By Dexter Duncan
A common mistake in planning is to forget about the stakeholders by not detailing a communications plan and acting on it. Some tend to jump straight into planning the details of how they going to complete the project without regular or any communications with the Stakeholders:
- How do you verify that you understand the documents they give you?
- How do you establish risks associated with changes to the project
- How do you get buy-in that your result will be signed off.
The best-practice is to first map out the type of communications that might be required according to the personality of the stakeholder.
Based on the stakeholders interest in the project and power to make your life difficult, the above matrix is a good start.
The next thing to do in a communications plan is to understand the political situation of the stakeholder. Some simple questions will suffice:
- What is the reporting structure? Is this person the top dog?
- Does the boss/decision maker tend to delegate work to someone else?
- Are there any pending issues/risks that could impact project?
To understand better, here is a simple example. Let’s say you are the Project Manager in charge of building a bridge. For simplicity, the key stakeholders are identified for you as Mayor of the city, Town Council and Finance person (the one providing the money).
1) The finance stakeholder is not around during the project initiation phase and some of the budget figures look wrong. Has he has delegated to one of his/her operations managers? Who makes decisions when he is travelling overseas? Do you have his approval to work with his delegated authority? Asking questions about reporting structure would help you get a handle on these.
2) The mayor could be entertaining some shipping company and be pushing to change city bridge dimension regulations to change to accommodate them. The bridge will need to rotate, lift up or be built higher to ensure large ships can get through.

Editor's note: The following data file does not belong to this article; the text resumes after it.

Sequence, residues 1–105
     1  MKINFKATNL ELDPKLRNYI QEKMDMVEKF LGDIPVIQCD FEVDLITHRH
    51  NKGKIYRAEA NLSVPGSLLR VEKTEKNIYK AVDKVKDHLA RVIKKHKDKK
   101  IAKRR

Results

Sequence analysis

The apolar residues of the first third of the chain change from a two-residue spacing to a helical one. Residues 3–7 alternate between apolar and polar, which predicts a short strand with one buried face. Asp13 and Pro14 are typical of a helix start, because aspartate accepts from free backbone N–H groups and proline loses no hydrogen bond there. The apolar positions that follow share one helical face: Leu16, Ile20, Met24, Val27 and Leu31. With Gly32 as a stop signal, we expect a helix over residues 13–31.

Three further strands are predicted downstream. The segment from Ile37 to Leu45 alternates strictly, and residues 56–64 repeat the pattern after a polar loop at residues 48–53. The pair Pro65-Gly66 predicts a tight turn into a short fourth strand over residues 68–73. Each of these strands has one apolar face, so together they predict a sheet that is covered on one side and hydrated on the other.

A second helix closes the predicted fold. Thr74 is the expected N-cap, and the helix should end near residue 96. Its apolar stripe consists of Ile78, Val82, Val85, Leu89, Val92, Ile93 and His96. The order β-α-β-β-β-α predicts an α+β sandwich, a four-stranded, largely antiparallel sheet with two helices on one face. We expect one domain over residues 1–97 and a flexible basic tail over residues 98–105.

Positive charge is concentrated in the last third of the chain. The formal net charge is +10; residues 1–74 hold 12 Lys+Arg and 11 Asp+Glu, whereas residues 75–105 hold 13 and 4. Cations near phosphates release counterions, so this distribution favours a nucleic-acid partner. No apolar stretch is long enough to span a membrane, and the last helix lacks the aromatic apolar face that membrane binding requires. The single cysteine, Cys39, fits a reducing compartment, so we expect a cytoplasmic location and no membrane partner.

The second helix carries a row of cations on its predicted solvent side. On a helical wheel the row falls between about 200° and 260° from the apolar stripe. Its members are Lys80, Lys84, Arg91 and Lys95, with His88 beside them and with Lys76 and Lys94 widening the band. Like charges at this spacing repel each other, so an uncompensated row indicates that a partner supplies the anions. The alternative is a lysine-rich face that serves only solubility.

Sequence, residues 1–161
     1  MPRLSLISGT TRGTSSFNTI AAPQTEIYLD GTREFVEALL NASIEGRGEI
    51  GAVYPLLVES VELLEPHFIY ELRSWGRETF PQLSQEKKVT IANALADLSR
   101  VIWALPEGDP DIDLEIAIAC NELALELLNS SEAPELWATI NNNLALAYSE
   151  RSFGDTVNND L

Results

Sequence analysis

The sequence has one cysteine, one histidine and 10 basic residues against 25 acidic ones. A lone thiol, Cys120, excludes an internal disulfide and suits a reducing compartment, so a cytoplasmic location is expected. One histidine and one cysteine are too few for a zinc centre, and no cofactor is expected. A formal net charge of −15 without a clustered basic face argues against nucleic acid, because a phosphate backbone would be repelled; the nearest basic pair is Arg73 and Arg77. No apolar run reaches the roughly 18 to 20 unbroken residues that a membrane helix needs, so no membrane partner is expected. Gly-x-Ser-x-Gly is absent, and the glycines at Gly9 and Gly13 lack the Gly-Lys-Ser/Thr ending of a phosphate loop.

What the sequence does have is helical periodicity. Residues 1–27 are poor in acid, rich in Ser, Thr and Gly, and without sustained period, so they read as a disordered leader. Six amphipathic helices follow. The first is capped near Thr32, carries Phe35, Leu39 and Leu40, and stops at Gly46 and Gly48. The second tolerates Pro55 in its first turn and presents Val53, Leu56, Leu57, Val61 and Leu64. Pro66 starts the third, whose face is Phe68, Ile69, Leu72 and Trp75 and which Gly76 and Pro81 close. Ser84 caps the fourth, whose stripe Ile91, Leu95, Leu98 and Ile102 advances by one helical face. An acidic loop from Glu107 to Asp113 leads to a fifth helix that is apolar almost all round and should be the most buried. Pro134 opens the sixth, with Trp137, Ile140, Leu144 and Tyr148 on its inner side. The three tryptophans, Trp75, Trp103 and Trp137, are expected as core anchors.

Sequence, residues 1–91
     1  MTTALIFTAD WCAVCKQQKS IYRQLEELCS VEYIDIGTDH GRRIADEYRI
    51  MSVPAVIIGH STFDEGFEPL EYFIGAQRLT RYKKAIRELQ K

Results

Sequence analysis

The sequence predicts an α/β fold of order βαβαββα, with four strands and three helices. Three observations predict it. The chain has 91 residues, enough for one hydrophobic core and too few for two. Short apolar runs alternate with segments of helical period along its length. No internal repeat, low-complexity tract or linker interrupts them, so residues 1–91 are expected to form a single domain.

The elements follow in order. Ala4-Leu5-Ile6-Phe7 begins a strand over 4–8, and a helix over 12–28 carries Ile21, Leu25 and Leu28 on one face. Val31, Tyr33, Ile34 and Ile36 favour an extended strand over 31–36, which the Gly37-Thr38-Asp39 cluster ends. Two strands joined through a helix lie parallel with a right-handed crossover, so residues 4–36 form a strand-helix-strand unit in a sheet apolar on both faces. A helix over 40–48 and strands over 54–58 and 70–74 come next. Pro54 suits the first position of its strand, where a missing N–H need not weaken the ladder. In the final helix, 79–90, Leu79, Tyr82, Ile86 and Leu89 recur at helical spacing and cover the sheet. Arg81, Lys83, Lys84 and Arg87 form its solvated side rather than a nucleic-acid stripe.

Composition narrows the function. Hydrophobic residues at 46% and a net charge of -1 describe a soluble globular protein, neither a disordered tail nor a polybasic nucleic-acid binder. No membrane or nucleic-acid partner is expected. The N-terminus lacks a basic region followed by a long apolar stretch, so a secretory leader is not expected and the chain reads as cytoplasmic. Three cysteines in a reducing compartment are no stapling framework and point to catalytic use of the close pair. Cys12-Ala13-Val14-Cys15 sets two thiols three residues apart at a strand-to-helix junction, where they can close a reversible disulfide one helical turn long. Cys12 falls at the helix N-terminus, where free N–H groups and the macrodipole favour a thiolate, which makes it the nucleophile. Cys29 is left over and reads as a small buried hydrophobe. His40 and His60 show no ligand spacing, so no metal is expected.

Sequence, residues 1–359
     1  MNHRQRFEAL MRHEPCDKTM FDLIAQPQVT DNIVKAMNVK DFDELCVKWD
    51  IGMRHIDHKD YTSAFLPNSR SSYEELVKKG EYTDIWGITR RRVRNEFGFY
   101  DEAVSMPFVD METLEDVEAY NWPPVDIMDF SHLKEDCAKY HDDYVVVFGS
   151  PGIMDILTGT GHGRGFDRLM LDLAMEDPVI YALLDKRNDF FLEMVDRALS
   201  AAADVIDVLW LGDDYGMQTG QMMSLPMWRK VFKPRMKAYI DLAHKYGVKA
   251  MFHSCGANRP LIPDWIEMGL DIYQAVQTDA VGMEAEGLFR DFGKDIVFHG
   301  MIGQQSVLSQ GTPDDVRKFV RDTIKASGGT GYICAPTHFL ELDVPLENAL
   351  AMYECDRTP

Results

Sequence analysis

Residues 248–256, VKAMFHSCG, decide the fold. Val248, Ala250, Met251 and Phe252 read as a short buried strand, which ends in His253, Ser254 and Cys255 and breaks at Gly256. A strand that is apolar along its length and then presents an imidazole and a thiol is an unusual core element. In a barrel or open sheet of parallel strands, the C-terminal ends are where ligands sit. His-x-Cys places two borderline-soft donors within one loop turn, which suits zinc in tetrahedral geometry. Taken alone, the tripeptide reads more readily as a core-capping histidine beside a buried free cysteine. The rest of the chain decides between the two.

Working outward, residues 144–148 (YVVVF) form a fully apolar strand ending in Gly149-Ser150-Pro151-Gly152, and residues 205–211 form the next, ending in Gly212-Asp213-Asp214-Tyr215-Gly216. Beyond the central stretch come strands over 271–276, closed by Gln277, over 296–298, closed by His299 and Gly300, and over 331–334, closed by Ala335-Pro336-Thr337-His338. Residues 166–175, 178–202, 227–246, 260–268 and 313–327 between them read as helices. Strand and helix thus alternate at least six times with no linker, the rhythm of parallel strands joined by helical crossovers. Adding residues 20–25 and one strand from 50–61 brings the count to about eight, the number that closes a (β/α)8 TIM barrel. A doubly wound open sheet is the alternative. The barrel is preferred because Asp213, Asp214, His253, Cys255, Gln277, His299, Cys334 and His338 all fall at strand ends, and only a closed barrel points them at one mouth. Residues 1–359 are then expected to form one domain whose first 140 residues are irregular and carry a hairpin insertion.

Thirdly, you need to involve the stakeholders at each stage. Have they signed off on your approach? Have you shown them the definition document for their approval? Have you planned to get their input? Have you even asked for a meeting? You need to think through the communications plan and get approval at each major stage, in addition to understanding if there is anything on the horizon which might change the scope.
Imagine getting to a proposal document and getting to execution or closing stage before you realize you are on the wrong track. Not having or acting on your communications plan adds to your risk, shows poor project management and ends up costing you time and money. See below. Changes to a project should be done as early as possible in the project. The later you make the change, the MORE it is going to cost you in time and money ($$$$).
Many projects can get rejected, reworked or take countless and unnecessary time and money due to lack of a communications plan. Is your plan up to scratch?